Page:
The lending practices of U.S. credit card companies will be under the microscope Thursday as President Barack Obama meets with executives from 13 leading credit card issuers.
Lawmakers have labeled some practices by credit card companies as "abusive," and are pushing for reform in the industry. Among the issues being examined are arbitrary interest rate increases and penalties as well as certain billing practices.
Executives from Bank of America, American Express, Citigroup, Wells Fargo, JPMorgan Chase, Capital One Financial, Visa and MasterCard will be among those due to visit the White House.
We wanted to know if you feel you've been unfairly treated by the credit card companies. Tell us what you think:
Tell us about your experience? Write to us at email@example.com
Wish I Was 'Pleased'
Last Friday, the CEO of Citi announced that he was "pleased" by Q1 stats. I wish I could say I was pleased during that same period. Citi raised the interest rate on my ZERO balance Mastercard from 16 percent to 20 percent. —Bill S.
They're Borrowing At Historic Lows
I don't agree with the media when they report, people who have credit card debt get what they deserve! They knew the interest rates could go up at any given time.
I have some debt on my credit cards, the cards were offered at very low interest rates. I'm one of the people who believe if you can use someone else's money at a very low cost it makes sense. Having said that, I have seen Wells Fargo, Discover, Bank Of America, and Citi all send notices to raise the rates on their cards. I have never been late, and always pay more than the minimum. Most of these guys have taxpayer money, why would anyone think it's fair for them to raise rates when the cost for them to borrow is at historic lows. —Bobby S.
With These Rates, How Can We Spend?
I am not sure how these companies operate in the U.S., but here in the UK some of them are charging anything between 13 to 25 percent APR. How can they justify charging 20 + times base rate. If the government's want us to start spending our way out of recession surely they should get these companies to reduce the amount of interest charged to enable people to clear their balances ASAP. It will be very interesting to see if governments act promptly or as usual they are only paying lip service! — Bill S.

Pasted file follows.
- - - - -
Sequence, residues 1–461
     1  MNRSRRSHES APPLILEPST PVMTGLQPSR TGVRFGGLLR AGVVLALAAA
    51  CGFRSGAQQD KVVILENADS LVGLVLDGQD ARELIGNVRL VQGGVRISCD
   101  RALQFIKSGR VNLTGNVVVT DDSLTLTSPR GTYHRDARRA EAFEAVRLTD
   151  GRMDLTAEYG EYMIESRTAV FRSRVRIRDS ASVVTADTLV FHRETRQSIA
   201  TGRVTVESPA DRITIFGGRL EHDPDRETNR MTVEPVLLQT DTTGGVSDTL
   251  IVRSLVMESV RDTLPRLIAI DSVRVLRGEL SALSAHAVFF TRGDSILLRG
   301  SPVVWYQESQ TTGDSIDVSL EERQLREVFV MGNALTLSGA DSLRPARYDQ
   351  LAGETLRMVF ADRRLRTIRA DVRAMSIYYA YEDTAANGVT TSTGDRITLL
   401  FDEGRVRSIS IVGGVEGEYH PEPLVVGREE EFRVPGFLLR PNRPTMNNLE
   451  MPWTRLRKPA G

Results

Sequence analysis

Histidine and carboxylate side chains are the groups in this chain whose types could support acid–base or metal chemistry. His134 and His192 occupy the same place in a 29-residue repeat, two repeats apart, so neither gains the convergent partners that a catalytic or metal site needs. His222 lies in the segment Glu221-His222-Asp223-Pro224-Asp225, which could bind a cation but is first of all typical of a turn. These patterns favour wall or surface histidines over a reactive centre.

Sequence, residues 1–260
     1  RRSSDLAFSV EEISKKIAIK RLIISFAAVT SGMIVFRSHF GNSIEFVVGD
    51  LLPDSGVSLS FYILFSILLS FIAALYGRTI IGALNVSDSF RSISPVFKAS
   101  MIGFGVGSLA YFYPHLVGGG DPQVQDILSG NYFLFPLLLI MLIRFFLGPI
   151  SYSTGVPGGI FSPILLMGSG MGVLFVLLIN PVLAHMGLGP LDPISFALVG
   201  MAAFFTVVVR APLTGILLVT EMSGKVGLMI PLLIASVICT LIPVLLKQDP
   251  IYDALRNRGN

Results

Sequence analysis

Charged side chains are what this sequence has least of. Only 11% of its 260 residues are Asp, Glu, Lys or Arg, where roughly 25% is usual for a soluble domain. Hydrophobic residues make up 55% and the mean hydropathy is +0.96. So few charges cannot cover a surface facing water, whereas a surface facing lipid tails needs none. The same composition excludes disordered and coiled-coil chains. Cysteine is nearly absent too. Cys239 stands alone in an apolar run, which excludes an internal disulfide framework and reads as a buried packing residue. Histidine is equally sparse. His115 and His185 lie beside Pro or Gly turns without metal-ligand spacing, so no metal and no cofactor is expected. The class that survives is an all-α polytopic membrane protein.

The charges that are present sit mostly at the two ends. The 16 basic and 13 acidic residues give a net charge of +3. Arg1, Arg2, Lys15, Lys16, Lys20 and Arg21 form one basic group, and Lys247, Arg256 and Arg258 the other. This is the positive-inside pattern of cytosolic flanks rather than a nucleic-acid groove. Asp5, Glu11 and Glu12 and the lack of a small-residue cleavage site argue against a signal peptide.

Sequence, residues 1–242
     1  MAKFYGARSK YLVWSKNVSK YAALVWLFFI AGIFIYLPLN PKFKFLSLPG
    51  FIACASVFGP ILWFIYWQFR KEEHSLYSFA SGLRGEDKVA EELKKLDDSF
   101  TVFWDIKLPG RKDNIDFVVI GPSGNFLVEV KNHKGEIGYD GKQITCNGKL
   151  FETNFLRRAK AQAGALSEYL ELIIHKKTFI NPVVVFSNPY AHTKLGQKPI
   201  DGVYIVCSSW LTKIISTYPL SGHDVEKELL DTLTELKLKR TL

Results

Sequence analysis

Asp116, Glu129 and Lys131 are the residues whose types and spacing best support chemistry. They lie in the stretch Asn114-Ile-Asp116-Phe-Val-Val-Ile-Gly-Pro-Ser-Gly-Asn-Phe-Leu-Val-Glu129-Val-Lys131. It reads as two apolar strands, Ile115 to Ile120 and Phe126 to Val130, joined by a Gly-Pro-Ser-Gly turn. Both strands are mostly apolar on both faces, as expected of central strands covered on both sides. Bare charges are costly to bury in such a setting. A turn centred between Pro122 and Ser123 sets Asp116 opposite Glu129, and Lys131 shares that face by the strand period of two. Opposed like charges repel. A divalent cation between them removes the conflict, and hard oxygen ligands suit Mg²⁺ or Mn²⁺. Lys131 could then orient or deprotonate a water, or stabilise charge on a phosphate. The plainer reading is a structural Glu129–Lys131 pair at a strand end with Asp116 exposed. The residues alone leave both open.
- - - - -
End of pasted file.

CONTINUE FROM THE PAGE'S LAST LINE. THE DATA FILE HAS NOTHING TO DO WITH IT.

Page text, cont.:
Biting The Hand That Feeds You
I'm a small business owner and have an American Express business card. The interest rate has always been equal to the "prime rate". In recent months, with the prime rate low, I thought it was prudent to carry a balance and save cash. Now that I've got a balance, they changed the terms and more than doubled the interest rate. There was no "opt-out" option. The fine print says they can do that. My credit is great and I have never had any late payments to anyone. I am very unhappy to say the least. I can assure you that my business, from this point forward, will NEVER ACCEPT American Express Cards, and when my customers ask why, believe me, I will tell them. I'm amazed by the stupidity of Amex management. It's never a good idea to bite the hand that feeds you. —Randy J.
Undoing the Damage
...I’m glad the President is initiating some changes in the way credit card companies do business. I hope whatever happens with them will include “undoing” all the interest rate hikes they’ve just handed off to us. —Jeanne R.
The Let Markets Decide
I am tired of the government stepping in and saying they know what is best. They need to realize that if they start telling credit card companies to what rates they can lend at that they will eventually destroy our credit markets. I am tired of the government playing upon people’s emotions to encourage support against things that down the road will result in much high consequences. When did we become a planned economy? People take out credit cards, it is the lenders decision to give them a credit card and the person’s decision to use it. What we need to be investing in right now is teaching Americans how to many their money responsibly. We need to teach Americans how to spend properly. Nothing will change unless with change the mindset of the American consumer.
Do not punish the credit card companies. Blame the government for enabling and encouraging people to fail by making it easier for more Americans to spend more with less consequences. —Jason